Zero Point’s Thoughts Become Matter is the kind of album I want on with a good glass of wine late at night. It is mellow and still at times, evident on “Surrender, Surrender,” allowing us to slow with it and feel the weight of each note. The instruments on the album move carefully. Though it has an ease which hovers over us, moments of complexity (at the beginning of “Casimir and the Wolf”) give the album a well-developed flavor. The sound is rich on Thoughts Become Matter, and its depth becomes evident when we shift our attention from one instrument to another. The flute whispers while the drums beat, the saxophone moans with a touch of the bass. The record features Marius Duboule (guitars), Deric Dickens (drums & percussion), Daniel Carter (flute, clarinet, trumpet, saxophones), and Michael Bates (bass).
The album’s first track took me to a warm backroom. I felt like I was somewhere intimate and hidden, but not alone. I recently watched an episode of Anthony Bourdain’s Parts Unknown in Tangier, Morocco. “Errance” reminded me of the cafes (or the music I envision playing at the cafes) throughout the city; occupied but without the bustle of a crowded space. The flute is delicate, accenting the bass as it pulsates. The title track which follows highlights the electric guitar, which was a new element of experimental jazz for me, charging the sound, giving it greater power. I understand why this is the title track: it strays slightly from the rest of the album in its impact.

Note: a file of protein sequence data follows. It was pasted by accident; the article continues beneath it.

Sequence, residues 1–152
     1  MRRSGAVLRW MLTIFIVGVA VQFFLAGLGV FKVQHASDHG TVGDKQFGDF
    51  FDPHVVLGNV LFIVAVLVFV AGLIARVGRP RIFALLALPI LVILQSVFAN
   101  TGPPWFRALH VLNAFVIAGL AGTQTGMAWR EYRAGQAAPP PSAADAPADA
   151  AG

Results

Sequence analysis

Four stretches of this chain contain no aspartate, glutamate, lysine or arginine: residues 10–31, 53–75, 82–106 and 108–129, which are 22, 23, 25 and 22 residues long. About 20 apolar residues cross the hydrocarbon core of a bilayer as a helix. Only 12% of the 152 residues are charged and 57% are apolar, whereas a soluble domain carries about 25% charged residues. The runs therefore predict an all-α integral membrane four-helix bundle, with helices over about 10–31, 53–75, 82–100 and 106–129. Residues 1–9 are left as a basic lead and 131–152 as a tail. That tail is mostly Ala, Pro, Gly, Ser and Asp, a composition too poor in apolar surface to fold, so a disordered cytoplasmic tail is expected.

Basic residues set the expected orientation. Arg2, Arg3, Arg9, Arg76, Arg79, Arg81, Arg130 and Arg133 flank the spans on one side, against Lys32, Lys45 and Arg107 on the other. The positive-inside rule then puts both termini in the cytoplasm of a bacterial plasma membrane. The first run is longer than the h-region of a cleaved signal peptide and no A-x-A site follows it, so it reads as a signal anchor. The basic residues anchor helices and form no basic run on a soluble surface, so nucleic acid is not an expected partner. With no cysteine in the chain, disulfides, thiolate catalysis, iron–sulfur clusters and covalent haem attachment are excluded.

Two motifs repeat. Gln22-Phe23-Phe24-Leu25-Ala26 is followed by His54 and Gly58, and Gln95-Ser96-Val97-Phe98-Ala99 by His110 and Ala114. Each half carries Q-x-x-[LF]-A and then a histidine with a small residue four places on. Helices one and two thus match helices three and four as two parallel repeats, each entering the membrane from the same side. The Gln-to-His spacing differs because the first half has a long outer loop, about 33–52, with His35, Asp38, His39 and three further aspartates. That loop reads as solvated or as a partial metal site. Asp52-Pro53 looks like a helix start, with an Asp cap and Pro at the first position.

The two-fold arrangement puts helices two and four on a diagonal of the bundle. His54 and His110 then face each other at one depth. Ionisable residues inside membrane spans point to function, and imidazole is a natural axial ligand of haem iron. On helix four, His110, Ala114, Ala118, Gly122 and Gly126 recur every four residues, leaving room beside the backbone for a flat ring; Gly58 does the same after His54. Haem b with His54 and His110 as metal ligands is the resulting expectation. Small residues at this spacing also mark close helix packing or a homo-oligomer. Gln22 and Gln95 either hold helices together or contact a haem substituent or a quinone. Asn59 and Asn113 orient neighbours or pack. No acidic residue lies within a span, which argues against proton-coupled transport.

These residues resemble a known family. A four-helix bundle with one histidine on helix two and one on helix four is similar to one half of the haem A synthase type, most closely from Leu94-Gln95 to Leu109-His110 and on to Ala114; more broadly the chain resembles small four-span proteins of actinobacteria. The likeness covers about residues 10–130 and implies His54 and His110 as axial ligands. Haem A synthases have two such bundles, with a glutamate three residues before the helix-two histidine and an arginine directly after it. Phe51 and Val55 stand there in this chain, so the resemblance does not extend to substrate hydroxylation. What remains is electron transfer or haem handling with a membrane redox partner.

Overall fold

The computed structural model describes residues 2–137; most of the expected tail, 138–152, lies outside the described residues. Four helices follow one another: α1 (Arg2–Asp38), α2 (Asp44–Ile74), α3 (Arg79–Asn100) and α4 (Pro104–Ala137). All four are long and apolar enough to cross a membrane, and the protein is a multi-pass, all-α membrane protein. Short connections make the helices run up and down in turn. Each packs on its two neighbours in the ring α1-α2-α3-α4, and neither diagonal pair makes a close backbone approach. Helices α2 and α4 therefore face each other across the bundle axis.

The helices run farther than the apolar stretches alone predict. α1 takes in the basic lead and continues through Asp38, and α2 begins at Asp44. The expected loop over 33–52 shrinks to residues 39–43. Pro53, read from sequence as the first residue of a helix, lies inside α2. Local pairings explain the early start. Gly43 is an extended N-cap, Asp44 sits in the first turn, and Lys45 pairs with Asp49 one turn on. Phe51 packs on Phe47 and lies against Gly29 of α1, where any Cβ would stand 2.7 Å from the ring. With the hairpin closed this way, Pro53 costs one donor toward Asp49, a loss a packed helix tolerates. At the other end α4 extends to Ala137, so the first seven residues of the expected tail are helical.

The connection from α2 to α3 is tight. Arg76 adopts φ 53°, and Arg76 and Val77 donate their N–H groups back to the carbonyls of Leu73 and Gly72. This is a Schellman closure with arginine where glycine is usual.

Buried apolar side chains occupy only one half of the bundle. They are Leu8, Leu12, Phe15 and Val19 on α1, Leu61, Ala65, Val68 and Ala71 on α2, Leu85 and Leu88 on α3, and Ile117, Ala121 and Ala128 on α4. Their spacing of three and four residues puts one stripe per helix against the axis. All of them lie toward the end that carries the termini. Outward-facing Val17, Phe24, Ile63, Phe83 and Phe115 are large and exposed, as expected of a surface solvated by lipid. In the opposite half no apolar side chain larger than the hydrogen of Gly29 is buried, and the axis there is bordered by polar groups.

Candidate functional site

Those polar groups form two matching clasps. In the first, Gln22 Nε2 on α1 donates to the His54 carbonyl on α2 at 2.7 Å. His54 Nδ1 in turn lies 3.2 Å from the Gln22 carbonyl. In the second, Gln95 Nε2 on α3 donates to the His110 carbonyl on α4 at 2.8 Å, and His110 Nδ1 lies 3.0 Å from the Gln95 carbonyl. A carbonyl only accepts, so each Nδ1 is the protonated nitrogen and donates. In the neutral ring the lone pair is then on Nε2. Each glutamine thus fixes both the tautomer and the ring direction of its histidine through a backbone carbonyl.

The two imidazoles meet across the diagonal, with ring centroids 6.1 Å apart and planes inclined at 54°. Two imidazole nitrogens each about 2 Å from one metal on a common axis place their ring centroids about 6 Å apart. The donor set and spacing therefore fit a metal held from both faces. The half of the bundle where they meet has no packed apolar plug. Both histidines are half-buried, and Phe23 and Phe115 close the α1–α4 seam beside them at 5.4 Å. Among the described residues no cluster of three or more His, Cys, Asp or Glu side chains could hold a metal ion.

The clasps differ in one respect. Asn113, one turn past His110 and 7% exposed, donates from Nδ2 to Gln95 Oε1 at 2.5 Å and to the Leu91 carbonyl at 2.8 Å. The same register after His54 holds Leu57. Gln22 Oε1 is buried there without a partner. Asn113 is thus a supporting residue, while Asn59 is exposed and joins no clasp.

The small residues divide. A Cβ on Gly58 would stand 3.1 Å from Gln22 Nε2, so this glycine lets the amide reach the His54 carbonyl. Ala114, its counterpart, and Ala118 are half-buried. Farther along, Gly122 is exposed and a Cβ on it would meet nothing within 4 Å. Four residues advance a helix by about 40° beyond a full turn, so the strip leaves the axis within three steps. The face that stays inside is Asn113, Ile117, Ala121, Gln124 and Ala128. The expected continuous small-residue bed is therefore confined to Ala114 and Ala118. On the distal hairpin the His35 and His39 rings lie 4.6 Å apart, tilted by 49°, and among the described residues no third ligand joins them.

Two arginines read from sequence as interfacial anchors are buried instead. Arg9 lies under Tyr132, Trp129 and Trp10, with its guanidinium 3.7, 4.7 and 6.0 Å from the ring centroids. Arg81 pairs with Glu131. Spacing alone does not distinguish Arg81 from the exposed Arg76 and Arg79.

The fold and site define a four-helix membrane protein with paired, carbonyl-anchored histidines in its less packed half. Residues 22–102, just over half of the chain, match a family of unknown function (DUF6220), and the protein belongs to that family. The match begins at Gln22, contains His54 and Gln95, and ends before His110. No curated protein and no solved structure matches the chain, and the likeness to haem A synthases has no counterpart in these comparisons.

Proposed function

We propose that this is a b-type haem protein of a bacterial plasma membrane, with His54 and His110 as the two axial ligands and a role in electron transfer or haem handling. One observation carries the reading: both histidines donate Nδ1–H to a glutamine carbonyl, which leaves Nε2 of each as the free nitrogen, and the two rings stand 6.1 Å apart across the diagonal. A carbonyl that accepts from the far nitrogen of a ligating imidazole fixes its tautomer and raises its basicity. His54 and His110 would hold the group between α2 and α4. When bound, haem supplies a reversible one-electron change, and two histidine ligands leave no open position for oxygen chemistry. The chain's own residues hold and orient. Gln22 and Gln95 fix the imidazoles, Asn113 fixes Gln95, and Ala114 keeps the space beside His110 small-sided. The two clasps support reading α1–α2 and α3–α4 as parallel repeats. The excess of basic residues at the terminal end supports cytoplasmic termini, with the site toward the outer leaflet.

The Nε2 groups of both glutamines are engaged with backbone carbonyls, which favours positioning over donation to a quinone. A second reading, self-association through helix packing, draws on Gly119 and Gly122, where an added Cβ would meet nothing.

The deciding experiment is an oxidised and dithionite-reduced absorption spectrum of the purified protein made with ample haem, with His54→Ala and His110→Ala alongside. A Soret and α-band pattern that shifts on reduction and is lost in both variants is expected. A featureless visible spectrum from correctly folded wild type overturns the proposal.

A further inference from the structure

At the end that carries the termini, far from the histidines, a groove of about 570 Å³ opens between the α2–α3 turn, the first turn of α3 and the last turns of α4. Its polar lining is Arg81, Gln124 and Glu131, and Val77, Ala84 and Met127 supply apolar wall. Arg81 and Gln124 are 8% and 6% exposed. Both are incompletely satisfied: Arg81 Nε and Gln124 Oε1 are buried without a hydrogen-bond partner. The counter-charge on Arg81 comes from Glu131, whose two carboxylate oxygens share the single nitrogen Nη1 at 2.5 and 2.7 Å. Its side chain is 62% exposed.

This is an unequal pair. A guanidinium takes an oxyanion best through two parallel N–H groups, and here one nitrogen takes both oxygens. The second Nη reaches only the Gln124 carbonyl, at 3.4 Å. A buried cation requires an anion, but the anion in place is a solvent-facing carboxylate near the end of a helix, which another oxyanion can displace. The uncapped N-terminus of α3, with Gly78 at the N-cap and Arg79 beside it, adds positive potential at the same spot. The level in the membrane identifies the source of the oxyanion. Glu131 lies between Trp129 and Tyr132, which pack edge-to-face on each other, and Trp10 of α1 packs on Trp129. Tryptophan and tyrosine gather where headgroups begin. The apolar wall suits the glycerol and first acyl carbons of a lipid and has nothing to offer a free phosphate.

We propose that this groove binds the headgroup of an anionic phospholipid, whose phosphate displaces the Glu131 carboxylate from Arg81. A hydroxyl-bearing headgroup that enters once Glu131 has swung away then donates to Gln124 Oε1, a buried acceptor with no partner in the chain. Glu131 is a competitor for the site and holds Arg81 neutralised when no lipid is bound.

Thoughts Become Matter sounds like a close-gathering. People talking inches away from each other, home cooked food on the table, candles coloring the room with a haze of yellow and amber … it is the sound of a night dying down sometime after midnight, guests full with the satisfaction of a good evening. There is a pleasant dizziness about the album, which I felt in the movement of instruments around the throbbing drum. The flute and saxophone seem to circle the drumbeat and I find myself easily lost in the way the sound radiates (though not on one track in particular). The album brings together the flute, guitar, saxophone, and drums in a way that sounds effortless and is still vibrant. We hear a rising anticipation in the movement of wind instruments, broken by the pressure of percussion and string. I feel like I have given myself to Thoughts Become Matter, and it has consumed me. The experience leaves me peaceful and tender. I feel a heightened sensitivity upon the album’s conclusion.
The record is available in record stores and on Bandcamp.